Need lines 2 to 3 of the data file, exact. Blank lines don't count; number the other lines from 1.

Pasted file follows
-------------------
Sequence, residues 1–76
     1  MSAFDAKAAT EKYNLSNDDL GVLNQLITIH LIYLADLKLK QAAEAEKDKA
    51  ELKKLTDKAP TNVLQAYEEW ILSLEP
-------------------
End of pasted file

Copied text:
     1  MSAFDAKAAT EKYNLSNDDL GVLNQLITIH LIYLADLKLK QAAEAEKDKA
    51  ELKKLTDKAP TNVLQAYEEW ILSLEP